The exacts of successful note-taking vary from person-to-person, but I find it’s very useful to begin to index your note-taking with what you expect the themes of your learning are going to be for that lesson, followed by reviewing what the most important things you learned at the end.

There is nothing wrong with a pack-rat mentality of keeping track of everything that you’re learning, so long as it doesn’t detract from you fully comprehending what is most important.

I also suggest that you take notes by hand first — for a few years I tried to take notes on my computer, and found that even though it made organisation and searching a breeze, I felt as though I retained less. Once you have the notes written out, though, I find that migrating them to the computer does help retention and organisation.

3. Flashcards / Quizzes

The third step to better your learning is to then take your notes a step further by converting them into materials that you can test yourself with. This is why it’s so important to make sure you have the most important material kept, so you can easily create Q+A’s for it.

Some courses already have quizzes, which is excellent, but by creating your own, you’re coming up with questions as well as answers.

For flash cards, I recommend the software Anki, and this guide for it.

4. Assignments / Projects

The fourth step is what I believe is the most important. Traditionally speaking, assignments are simply another part of the system. They are usually rather dry, and have no inherent value other than for the course itself.

But with MOOCs, you have the ability to push yourself to use the knowledge that you’ve gained to create your own projects that you can freely share and use. Apply your learn and thus gain something outside of the learning as the reward.

A good example of this is that I’m in the process of making a blog with Jekyll, which has the twofold benefits of learning web development, as well as having a place to document my other learning, which leads into #5.

5. Share Your Work

Once you have finished a course, you have not only have you improved your own learning by creating all of the above resources, but you now also have the opportunity to share them with others.

Create a blog or use other social media to share what you’ve learned and what you’ve made in the process. Find others that you can collaborate and study with. Build a community of learners and creators. There is no reason to go at this alone.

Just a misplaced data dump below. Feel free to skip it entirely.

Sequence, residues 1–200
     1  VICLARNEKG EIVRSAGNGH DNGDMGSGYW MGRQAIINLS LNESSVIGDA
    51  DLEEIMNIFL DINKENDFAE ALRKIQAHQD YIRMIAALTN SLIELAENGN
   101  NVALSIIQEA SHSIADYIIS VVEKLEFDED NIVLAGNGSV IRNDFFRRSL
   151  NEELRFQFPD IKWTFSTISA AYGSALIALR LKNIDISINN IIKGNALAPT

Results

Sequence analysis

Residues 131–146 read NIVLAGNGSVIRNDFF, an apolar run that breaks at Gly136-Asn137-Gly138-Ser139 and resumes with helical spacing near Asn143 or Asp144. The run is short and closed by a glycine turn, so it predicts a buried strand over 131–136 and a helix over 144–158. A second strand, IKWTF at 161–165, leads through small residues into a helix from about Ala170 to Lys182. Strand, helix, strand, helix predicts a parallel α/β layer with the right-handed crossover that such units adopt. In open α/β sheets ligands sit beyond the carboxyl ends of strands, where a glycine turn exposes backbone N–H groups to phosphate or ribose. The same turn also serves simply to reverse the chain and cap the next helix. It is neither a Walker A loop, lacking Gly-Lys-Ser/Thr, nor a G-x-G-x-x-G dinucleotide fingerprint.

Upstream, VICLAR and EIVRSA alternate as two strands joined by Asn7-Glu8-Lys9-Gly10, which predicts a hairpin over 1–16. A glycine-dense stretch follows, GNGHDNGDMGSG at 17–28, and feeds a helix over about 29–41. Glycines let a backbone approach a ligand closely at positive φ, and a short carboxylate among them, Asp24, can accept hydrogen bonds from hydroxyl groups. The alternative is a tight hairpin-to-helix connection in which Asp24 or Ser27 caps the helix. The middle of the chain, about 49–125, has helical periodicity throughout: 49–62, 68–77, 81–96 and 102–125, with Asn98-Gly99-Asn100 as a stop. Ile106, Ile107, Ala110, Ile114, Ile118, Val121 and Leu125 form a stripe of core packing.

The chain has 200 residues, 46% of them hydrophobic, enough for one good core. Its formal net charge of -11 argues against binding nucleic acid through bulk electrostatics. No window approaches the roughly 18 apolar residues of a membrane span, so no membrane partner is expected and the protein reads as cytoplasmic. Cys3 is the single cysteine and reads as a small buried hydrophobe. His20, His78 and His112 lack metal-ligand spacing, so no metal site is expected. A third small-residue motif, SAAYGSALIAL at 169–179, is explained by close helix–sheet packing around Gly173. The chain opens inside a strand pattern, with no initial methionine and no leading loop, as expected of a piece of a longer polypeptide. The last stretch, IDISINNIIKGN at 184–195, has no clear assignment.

See Also: Show Your Work!

Additional Tips

  • The best skills to learn first are ‘meta-skills’, such as learning how to learn, time management or other skills that you can use in your studying.
  • Figure out a system and stick to it. Once you have a schedule made, find a way to link it to your created materials, as well as any other important information. (My personal recommendations would be OneNote for Windows, or using Sublime Text w/ Markdown for Linux.)
  • When you’re writing about what you’ve learned, don’t be afraid to add your own personal story or information — conglomerate multiple sources of learning for a more thorough discourse.

Rice Field Work in Chiang Mai, Thailand by Eduardo Prim

22: Accepting Good Responsibility

Happiness isn’t the Meaning of Life

It is time for me to grow another year older, and since I wrote last year’s birthday thesis late, I decided to write this one early. Sometimes you have thoughts going through your mind so strongly, you have no choice but to write them down at that very moment.

What is a birthday thesis? I figure I should explain, as this is my third one. I originally took the idea from Buster Benson — where he would write a yearly report with a central concept. I really enjoy the idea, but haven’t done it very well so far. I have a rather good central idea this time around, although it is candid and dark, but I believe there is no other option but to write it.

The Artist Never Leaves by Caleb Salomons

The Artist Paradox

Why you should create — even though there’s already far too much in the world already.

Six years ago, when Medium was first starting out, it was invite-only and was created by one of the founder’s of Twitter to simply publish thoughts longer than the then-limit of 140 characters. Oh, how so much has changed — and so quickly.

Medium has now grown into momentous platform that allows anybody to share their story freely and easily. The growth in such a small amount of time is absurd — but Medium is just the tip of the social media revolution iceberg.

Twitter itself was founded eleven years ago. If we go back further, to thirteen years ago, YouTube was founded. A year before that, Facebook. This was coupled with the exponential development of hardware, which now allows anybody to utilize these platforms within seconds from the palm of their hand.